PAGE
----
Ever since the Royals kicked off this difficult Premier League campaign, the fans had waited for the mercurial Jimmy Kebe to return. His return from injury would kick on the Royals and strike fear into almost every left back in the league.
Except what the fans actually got was a Kebe who looked off the boil, lacking confidence and ineffectual.
The 3-3 draw with Fulham was a good game for Kebe to get his teeth into. The Royals had the better of the first half, lots of attacking and nullifying most of any Fulham threats. Unfortunately, Kebe was barely seen on the ball and when he did receive the ball, he quickly played a short, safe pass.
Kudos to him for wanting to keep possession, but as a winger, we expect him to attack and threaten opposition full backs. Have a go, take a risk. As a team that primarily attacks down the wings and gets crosses into the box, having one winger who would rather play a safe pass than have a go at his opponent rather hacks at their chances of scoring.
Jimmy was substituted against Fulham in the 78th minute, and on came Robson-Kanu in his place. In the short time the Wales international was on the pitch, he managed to score as well as missing a header right at the last.
McCleary came on and scored. McAnuff is the second-top assister in the league with four.
Kebe, in his four games, has scored a tap in. And that’s about it.
McDermott should, in all honesty, be thinking about dropping Kebe. Looking at some of the statistics from the season, it’s tough to find a reason to keep him in – from an attacking point of view.
Statistics aren’t the be all and end all, as we all know, but they are a good indicator of what’s going on on the football pitch.
Over the course of the season, Jimmy Kebe has been our best defensive winger. With an average of 1.8 tackles per game, he beats the likes of McAnuff (1.4) and McCleary (0.9).
Not only tackles, but interceptions too. His average of 2.3 trumps McAnuff (0.9) and McCleary (0.7).
Admittedly, Kebe has only played 4 games compared to McAnuff’s 8 and McCleary’s 7, but the statistics don’t lie. Kebe has been defending.
Which is a problem.
If, as we suspect, McDermott wants that first win, he’s going to need a winger who is willing to take a chance. Kebe, over his 4 games, has only attempted 2 dribbles. McAnuff has attempted 11, whilst McCleary has attempted 4.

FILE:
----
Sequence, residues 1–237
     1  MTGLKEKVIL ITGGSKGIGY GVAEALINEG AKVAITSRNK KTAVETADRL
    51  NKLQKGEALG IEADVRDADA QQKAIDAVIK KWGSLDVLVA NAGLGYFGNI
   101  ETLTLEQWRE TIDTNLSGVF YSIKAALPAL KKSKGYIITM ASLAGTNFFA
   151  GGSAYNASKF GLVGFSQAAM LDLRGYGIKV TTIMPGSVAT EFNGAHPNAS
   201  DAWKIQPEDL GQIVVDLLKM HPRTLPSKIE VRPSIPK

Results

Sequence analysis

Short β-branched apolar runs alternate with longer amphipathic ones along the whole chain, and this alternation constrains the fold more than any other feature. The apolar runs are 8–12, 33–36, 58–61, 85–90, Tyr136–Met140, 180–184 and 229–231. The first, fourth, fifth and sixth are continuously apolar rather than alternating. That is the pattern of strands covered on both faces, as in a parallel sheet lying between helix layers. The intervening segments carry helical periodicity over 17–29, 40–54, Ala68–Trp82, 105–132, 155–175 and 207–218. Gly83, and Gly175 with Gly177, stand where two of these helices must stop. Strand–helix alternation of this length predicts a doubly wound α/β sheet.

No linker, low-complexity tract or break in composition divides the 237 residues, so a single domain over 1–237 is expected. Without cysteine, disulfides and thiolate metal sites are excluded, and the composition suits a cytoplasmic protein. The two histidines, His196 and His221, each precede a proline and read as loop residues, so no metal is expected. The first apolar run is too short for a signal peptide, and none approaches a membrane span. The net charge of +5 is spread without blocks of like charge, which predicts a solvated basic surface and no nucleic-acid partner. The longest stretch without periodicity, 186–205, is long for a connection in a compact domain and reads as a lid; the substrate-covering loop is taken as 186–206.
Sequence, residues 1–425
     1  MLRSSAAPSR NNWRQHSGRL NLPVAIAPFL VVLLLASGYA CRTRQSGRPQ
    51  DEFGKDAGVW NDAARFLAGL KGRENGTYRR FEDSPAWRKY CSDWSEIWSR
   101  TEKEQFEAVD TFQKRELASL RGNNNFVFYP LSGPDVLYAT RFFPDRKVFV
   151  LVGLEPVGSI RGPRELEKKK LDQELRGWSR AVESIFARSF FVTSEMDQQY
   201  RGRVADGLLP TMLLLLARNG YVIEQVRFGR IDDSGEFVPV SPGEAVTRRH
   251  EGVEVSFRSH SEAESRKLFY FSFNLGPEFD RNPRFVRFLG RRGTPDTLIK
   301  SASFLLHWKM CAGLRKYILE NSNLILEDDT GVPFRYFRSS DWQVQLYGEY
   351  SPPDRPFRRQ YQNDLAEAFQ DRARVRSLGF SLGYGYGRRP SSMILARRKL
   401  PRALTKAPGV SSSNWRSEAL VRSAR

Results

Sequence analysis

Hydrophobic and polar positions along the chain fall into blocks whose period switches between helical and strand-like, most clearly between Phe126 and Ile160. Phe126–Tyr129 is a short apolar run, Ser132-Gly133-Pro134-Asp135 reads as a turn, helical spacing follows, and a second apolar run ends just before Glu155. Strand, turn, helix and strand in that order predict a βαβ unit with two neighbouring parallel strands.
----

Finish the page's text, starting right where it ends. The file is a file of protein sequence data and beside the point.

To back up my claim earlier of Kebe playing simple passes, his pass completion rate is 76.7%, compared to McAnuff’s (66.7%) and McCleary’s (70.9%).
Add to this the fact that both McAnuff and McCleary have completed, on average, 0.6 accurate crosses per game and you can see they’re giving it a go.
McAnuff has completed 5/28, whilst McCleary is having a real go with 30 crosses, but only 4 completed. Jimmy Kebe has only attempted 14 crosses, with only 1 of them accurate. Even Robson-Kanu, who has started 1 game and been substituted on in 5 games, has had half of his crosses count as accurate, with 4/8.
Yes, we should probably complain about the quality of crosses, but given the number of crosses the team attempt it’s understandable that not every single one will be accurate or result in a goal.
So, having a look at these statistics, I’d be more willing to start McCleary on the right wing and relegate Kebe to the bench. He’s clearly not in top form and doesn’t have the confidence to take the opposition full back on, whereas McCleary is giving it a go. Even Robson-Kanu has had an impact on the few minutes he has had.
As much as I’m sure Kebe can have an impact at the top of the football pyramid, the statistics don’t lie – he’s not the winger that will take the game to the opposition. At least, not on current form.
So, what do you think? Should we stick with Kebe and hope he finds form? Or drop him and let someone else have a go?
The statistics used are from WhoScored.com.